Boardgames for the Video Gamer

While any tried and true electronic gamer may have their holiday game lists already picked out, what if you wanted to try to expand their horizons with a gift that would move them out from in front of the screen and bring them a bit more face to face interactivity with other folks? As a big fan of games of all types, here’s a short list of candidate boardgames designed to fit within the gaming choices of any given type of electronic gamer.

If games and puzzles are their thing, look no further than the new game FITS by Ravensburger. It can best be described as competitive Tetris. Players use Tetris-like pieces to slowly fill up their play area. Played over several rounds, the game gets particularly interesting when players need to leave specific spaces uncovered while simultaneously trying to cover up others. The non-confrontational style of the game (you can’t mess with anyone else’s board) makes it nice for family or solo play. Additional game boards are free to download online, giving the game even longer legs.

If Massively Multiplayer Online Role Playing Games are their thing, there are several games that have a WoW_Adventuresimilar look and feel. One obvious one is World of Warcraft: The Adventure Game published by Fantasy Flight Games. Rather than the long, drawn out, tactical focused World of Warcraft: The Boardgame published by the same game company, WoW: The Adventure Game focuses more on the fast-paced, quicker style of play that still allows players to build up a character as they journey around the board attempting to “become the best” adventurer. In this version, character customization is weaker, but the speed of the game and player vs player combat has been much improved.

Gamers who love exploring the settings of RPGs or building up their own custom character as they adventure should check out exploration games such as Descent (by Fantasy Flight) and its many expansions. Descent has one or more players each playing a character pitted against one player controlling all the other monsters in the game. Characters slowly build up power throughout the game, and some expansions even allow players to PH_Holiday_Bundleprogress in power from session to session. For those that crave even more character customization, you might as well go all out and try the new version of the granddaddy of RPGs, Dungeons and Dragons (by Wizards of the Coast, now in a 4th edition). New players should check out the holiday special two-pack that includes both the Player’s Handbook (the most important book for beginners) and the Player’s Handbook 2 (which more than doubles the kinds of characters and powers available) all for the price of a single book. Finally, those gamers addicted to the story and plots of jRPGs (Japanese style RPGs where character developments is rather limited, but the story is very important) may want to try the game Tales of the Arabian Nights (bArabian_Nights_boxy Z-Man Games). This game is a sort of cross between a boardgame and a choose-your-own-adventure novel. Players go on quests and adventures resolved (in part) by reading a developing story (there are 2000+ tales to experience), in an effort to become the most successful hero or heroine of all!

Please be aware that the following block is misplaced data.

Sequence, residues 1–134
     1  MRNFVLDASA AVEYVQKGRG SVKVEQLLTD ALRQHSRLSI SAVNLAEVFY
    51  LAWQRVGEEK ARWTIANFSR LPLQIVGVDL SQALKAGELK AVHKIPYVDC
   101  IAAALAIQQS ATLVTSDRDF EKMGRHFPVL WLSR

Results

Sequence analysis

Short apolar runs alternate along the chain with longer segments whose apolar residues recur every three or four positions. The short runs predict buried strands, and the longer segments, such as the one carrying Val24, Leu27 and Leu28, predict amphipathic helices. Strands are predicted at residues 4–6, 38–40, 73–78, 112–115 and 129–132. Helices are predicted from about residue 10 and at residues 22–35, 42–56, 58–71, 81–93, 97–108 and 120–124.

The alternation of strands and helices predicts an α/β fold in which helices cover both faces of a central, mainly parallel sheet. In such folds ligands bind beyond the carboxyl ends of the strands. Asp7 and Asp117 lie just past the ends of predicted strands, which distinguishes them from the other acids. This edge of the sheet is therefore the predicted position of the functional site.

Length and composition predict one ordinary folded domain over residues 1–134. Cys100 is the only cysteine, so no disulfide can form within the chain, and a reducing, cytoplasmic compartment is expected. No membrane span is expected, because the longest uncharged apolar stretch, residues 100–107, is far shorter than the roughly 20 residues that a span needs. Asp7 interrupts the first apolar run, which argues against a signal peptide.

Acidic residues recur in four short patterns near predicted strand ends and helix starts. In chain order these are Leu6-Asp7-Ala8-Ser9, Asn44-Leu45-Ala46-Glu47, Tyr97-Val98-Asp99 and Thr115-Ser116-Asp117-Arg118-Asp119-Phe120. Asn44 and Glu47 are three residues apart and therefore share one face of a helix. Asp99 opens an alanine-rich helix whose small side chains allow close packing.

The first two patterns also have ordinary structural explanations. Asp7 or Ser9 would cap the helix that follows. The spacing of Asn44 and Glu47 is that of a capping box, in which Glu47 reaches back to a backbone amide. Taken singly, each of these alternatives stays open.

Civilization Building Games
Even though the original Civilization PC game developed out of a boardgame of the same name, the quest for a boardgame that through_the_agescaptures much of that PC game’s feel without taking a day or more to play has been a long one. To date, the game that comes closest to capturing the feel of developing and growing a civilization is Through the Ages (published by FRED Distribution). Players use a personalized scoresheet to track income, resources, and development while a main scoring area tracks victory points, technology, and military strength. Developments, buildings, wonders, and leaders are depicted in cards which are purchased each turn providing the main source of decision-making within the game. While the game is a bit light in military action (it is there, just not as prevalent as in the PC game), it does provide a very good Civilization feel roll_through_the_agesand can be played in less than three hours. (Yes, that’s a long time but it come in at least half as long as its nearest competitor.) If you want a really short game, Roll Through the Ages (also by FRED) is a dice-based set collection game that also incorporates the idea of buying developments and building wonders while managing a civilization. Playable in under 30 minutes, I enjoy the game not only for its fast play but for its nice wooden pegboard components.